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Carter hopes to improve U.S.-Cuba relations

Former President Jimmy Carter
Former President Jimmy Carter  


HAVANA, Cuba (CNN) -- Former President Jimmy Carter tried to downplay expectations when he announced his trip to Cuba last month, saying he didn't expect the visit would change the Cuban government or its policies.

Still, Carter and others have expressed hope that the five-day visit, which starts Sunday, will foster an exchange of ideas and encourage improved relations between the two countries.

"I think it's a great trip, and I think Cuban people are expecting a great deal out of it," said Alfredo Duran of the Cuban Committee for Democracy, a Washington-based group that supports normalizing U.S.-Cuban ties.

Carter's visit will be the first by a former U.S. president since the United States broke off relations with the Caribbean nation in 1961.

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CNN's Lucia Newman reports Cubans are hoping former President Carter's visit will stir change both for human rights and U.S.-Cuba ties (May 11)

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The United States severed formal diplomatic relations with Cuba after Fidel Castro took power and turned Cuba into a Communist nation. A U.S. trade embargo against Cuba has been in effect for more than 40 years, though it has eased slightly in recent years.

Julia Sweig, deputy director of Latin America studies for the Council on Foreign Relations, told CNN she didn't expect Carter's visit to yield any concrete changes, but suggested its symbolism could influence Cuban and American opinion.

"It will be a very important step marking the continued erosion marking the old sense that the embargo made sense," Sweig said.

But critics of the trip don't expect Carter to influence Castro.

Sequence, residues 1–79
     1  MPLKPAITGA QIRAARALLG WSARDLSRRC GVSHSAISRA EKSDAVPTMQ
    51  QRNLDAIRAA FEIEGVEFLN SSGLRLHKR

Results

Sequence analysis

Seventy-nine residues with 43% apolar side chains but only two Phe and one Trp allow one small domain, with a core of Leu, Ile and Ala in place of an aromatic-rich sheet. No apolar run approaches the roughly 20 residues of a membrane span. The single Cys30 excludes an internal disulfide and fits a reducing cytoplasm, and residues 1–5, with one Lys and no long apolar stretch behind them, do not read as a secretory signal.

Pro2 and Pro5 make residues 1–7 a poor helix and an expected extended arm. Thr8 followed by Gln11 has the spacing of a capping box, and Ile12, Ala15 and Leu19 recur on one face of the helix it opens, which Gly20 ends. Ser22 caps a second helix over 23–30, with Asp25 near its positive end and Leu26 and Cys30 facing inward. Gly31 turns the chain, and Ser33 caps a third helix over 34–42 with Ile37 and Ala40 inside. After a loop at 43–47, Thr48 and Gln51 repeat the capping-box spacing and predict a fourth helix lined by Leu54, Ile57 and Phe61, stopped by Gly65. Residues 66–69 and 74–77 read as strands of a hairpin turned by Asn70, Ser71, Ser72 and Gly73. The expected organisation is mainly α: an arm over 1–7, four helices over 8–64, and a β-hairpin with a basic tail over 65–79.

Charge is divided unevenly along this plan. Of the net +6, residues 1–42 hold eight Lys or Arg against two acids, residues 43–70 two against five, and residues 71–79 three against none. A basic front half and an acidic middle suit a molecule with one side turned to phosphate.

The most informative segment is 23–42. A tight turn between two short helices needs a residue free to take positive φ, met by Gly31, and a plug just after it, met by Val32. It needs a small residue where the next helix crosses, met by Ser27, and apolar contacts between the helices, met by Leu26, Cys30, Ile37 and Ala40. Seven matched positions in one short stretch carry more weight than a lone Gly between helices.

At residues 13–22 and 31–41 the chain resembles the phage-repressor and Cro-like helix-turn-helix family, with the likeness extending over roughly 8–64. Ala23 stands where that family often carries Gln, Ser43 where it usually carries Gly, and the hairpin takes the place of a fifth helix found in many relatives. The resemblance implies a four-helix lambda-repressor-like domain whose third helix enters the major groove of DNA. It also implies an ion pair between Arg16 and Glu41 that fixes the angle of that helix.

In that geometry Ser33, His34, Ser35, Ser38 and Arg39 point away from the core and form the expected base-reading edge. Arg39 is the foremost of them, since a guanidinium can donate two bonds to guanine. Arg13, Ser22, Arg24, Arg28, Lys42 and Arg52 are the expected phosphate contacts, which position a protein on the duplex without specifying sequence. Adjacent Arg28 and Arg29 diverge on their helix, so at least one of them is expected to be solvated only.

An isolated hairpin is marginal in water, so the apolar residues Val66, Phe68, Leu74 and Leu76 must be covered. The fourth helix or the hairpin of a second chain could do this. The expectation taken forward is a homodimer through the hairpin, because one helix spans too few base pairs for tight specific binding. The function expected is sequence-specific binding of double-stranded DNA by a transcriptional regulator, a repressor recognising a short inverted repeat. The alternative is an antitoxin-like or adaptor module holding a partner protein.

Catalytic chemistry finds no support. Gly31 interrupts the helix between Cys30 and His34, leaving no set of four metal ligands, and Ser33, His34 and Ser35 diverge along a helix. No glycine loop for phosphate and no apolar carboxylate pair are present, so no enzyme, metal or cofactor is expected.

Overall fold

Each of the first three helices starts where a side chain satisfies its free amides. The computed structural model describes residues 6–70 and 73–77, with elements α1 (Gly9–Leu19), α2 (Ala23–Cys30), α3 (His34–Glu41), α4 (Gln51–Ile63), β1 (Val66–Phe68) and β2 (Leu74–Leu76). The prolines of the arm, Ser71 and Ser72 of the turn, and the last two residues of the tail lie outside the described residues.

"It's much ado about nothing," said U.S. Rep. Ileana Ros-Lehtinen, a Republican who represents a strong anti-Castro constituency in Miami, Florida.

Carter's visit was approved by the Bush administration, which said it hopes Carter will deliver to Castro a "stern and forceful" message about the need for human rights and democratic freedoms in the island nation.

After meetings with the head of the U.S. Interests Section and Cuba's foreign minister, and a walking tour of Old Havana, Carter is scheduled to meet with Castro on Sunday night. He also plans to deliver a live television address to the Cuban people Tuesday from the University of Havana.

Also on the agenda are visits to an AIDS sanatorium, a school for children with disabilities and the Latin American Medical School.

A Cuban opposition group Friday delivered to the National Assembly petitions with 11,020 signatures seeking sweeping social, economic and political reforms. The petitions call for free and democratic elections, the right of free speech and assembly, the right to invest and work in private enterprise and the release of all political prisoners.

Ahead of Carter's visit, members of a Cuban opposition group Friday delivered petitions to the National Assembly seeking sweeping social, economic and political reforms.
Ahead of Carter's visit, members of a Cuban opposition group Friday delivered petitions to the National Assembly seeking sweeping social, economic and political reforms.  

Cuba's constitution requires the National Assembly to consider legislative proposals presented by a petition containing at least 10,000 registered voters. But nothing of the magnitude of the reforms proposed in this petition has ever been attempted.

Earlier this week, the Cuban government released from prison Vladimiro Roca Antunez, one of Cuba's best-known dissidents. It apparently was a conciliatory gesture from the Castro government before Carter's visit.



 
 
 
 






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